The Little Three

by Nathan Tomasello

The (way too) Little Three: Neck, Forearms, and Calves

You know the type.  You’ve seen him before, at the gym, the pool, and walking around campus…chest out, shoulders back, lats flared like he’s carrying two suitcases.  The first thing you notice is how big his upper body is and the way his arms are in a constant state of semi-flex, but something is just a little off.  Squint your eyes a little and use your hand to block out the view of his torso and suddenly his apparent walk-around weight just plummeted from 185lbs to 135lbs.  That is when you realize the underlying problem with his proportions. Despite spending 2 hours every Monday hammering chest, having numerous weekly arm sessions, and maybe even a solid squat routine, this guy has never done a single exercise for the muscles in his neck, his forearms are more Olive Oil than Popeye, and his calves are little more than shins and skin.

Don’t be that guy.  Too many weightlifters and bodybuilders view their training as segmented, having been raised on a steady diet of back/biceps chest/triceps style workouts.  While their is nothing wrong with workouts that focus exclusively on one area of the body, it can lead to a mindset that prioritizes certain muscle groups out of vanity rather than viewing the body as a complete unit.  Think about it - would you want to drive a souped up V-12 race car that has an alternator that was built for a 4 cylinder? Then why would you want to focus on your chest and back only to neglect the very muscles that allow you to hold on to that heavy weight?  Maybe you love to squat and regularly crush your quads and hammies with brutal workouts, but when is the last time you payed similar attention to your legs from the knee down? And unless you are a fighter or wrestler I am willing to bet that the last time you did a neck exercise was…never.  The goal in your training should be to eliminate any weak points, and be as functionally strong as possible in any position. It should come as no surprise then that the most well rounded athletes also possess physiques that are the most atheistically pleasing. So it’s time to ditch the wrist straps, un-pop that collar, and quit wearing sweatpants in the summer out of calve embarrassment.  Here is a solid strategy to train up the “little 3” to blend in with the rest of your massive musculature.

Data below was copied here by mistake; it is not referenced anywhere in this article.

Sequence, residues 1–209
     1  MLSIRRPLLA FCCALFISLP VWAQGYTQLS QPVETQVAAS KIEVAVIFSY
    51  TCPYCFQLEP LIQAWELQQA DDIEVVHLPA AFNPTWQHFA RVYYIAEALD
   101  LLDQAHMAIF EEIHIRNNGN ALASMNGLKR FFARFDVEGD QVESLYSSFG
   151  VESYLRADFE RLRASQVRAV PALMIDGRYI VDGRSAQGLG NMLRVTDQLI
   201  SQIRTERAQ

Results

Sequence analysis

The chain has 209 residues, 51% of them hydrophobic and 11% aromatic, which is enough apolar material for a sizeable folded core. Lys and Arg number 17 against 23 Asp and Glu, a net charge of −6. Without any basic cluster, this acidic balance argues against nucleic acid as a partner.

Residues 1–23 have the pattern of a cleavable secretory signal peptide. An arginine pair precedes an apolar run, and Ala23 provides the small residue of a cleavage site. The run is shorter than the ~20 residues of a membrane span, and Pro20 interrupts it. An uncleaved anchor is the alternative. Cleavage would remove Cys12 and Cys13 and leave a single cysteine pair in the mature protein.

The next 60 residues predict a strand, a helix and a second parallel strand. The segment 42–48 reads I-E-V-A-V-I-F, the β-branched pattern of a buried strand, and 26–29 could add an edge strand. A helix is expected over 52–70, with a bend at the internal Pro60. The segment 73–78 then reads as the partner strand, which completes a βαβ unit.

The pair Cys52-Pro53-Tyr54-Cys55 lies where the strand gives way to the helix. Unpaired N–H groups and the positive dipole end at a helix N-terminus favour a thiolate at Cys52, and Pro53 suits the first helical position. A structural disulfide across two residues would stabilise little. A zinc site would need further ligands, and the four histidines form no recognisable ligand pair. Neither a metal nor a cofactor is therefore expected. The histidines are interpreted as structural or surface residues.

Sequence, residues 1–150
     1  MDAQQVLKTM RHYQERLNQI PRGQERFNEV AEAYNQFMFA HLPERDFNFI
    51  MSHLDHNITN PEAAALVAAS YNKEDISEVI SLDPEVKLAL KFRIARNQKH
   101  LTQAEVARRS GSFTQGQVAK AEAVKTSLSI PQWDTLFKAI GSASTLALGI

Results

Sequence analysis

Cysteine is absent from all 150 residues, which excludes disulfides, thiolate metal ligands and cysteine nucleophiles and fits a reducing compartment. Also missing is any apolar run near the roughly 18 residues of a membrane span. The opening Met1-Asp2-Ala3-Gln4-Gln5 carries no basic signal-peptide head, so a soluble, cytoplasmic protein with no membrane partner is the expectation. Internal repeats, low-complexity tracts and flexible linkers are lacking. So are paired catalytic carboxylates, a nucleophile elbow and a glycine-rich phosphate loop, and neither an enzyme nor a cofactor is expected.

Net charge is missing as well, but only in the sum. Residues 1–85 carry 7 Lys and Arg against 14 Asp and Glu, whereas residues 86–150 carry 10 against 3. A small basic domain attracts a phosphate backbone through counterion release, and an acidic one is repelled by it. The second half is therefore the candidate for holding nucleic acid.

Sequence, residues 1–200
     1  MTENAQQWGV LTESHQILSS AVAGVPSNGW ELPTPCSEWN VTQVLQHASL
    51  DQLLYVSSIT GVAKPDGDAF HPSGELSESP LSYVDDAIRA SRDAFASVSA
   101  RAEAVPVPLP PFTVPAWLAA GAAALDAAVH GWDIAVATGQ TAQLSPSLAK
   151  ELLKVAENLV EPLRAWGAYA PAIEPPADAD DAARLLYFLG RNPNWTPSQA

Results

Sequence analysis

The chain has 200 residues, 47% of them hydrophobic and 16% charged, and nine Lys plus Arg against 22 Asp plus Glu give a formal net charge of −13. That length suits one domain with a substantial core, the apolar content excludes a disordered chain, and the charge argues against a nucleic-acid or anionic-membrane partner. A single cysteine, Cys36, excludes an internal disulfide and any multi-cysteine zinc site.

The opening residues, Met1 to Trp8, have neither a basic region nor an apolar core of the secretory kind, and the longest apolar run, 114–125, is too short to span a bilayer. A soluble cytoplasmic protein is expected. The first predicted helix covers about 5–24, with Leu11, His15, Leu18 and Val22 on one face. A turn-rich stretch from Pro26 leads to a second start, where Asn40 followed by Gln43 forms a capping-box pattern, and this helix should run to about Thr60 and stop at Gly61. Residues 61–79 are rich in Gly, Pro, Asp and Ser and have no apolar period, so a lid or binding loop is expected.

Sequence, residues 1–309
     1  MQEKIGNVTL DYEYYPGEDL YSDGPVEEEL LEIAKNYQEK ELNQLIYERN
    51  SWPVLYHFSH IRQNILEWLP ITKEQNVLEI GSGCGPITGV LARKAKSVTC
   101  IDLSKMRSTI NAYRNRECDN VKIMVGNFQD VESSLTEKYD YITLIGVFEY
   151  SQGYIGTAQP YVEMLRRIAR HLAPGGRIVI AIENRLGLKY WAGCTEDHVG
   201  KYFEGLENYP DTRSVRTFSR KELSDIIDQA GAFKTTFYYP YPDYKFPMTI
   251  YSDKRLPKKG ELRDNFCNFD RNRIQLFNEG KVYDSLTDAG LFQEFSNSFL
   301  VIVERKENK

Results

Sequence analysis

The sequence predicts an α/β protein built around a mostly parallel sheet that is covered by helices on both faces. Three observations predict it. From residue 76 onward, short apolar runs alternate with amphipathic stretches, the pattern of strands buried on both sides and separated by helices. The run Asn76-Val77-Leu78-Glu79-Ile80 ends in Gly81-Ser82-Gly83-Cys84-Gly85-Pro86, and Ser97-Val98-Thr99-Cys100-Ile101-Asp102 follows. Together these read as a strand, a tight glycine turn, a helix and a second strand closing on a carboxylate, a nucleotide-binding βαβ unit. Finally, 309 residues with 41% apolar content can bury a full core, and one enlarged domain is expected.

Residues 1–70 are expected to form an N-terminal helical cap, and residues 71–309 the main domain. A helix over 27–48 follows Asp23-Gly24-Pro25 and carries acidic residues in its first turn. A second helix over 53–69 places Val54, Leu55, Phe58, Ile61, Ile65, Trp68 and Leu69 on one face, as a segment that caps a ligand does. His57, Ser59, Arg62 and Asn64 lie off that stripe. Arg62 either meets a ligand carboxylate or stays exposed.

Problem Area: #1 - Forearms

Typical Offense: using straps on every exercise, doing nothing grip specific

Quick solution: no more straps

For even the strongest, most well rounded weightlifter, the grip is going to still occasionally be the limiting factor is some lifts.  If you are pulling 4 plates on Snatch-Grip Deadlift or performing dumbbell rows with a 150lb DB, then by all means, use straps. The problem I often see is a lifter walking around with straps on during an entire workout and using them on accessory exercises.  I have fairly strong lats yet I have never had a problem holding on to the bar during lat pull downs. Don’t even get me started about guys using straps during pull ups. Unless doing a max effort set of an extremely heavy weight I would recommend ditching the straps all together and get used to squeezing the bar.

Top functional exercises for forearm/grip strength:

Weight Holds - pick a set of dumbbells roughly equivalent to your body weight (I weigh 160lbs, so I would use 80lb DBs), pick them up and stand with good posture (chest up, shoulders back, do not slouch) for as long as possible.  Each week try to beat your time from the week before.

Towel Pull Ups - take a towel or sweat shirt and roll it up before draping it over the pull up bar.  Grab as much material as possible and hold on tight as you do slow, controlled pull ups.  Try doing sets of 10, or for an advanced version try sets of 3 with a weighted vest.

Plate Pinch: hold two plates together (smooth side out) squeezed between your thumb and the rest of your fingers flat.  Start with two 5 or 10lb plates and work up from there.

The classics:

DB Wrist curls - place your forearm on your thigh with your hand falling off of your knee.  Let the dumbbell roll down your hand the end of your fingers then curl it back up, flexing the forearm.  Do not let your wrist lose contact with your leg.

Hammer Curls - curl a heavy dumbbell up with your palm in a neutral position.  Squeeze at the top and do not let your elbow pass the midpoint of your body..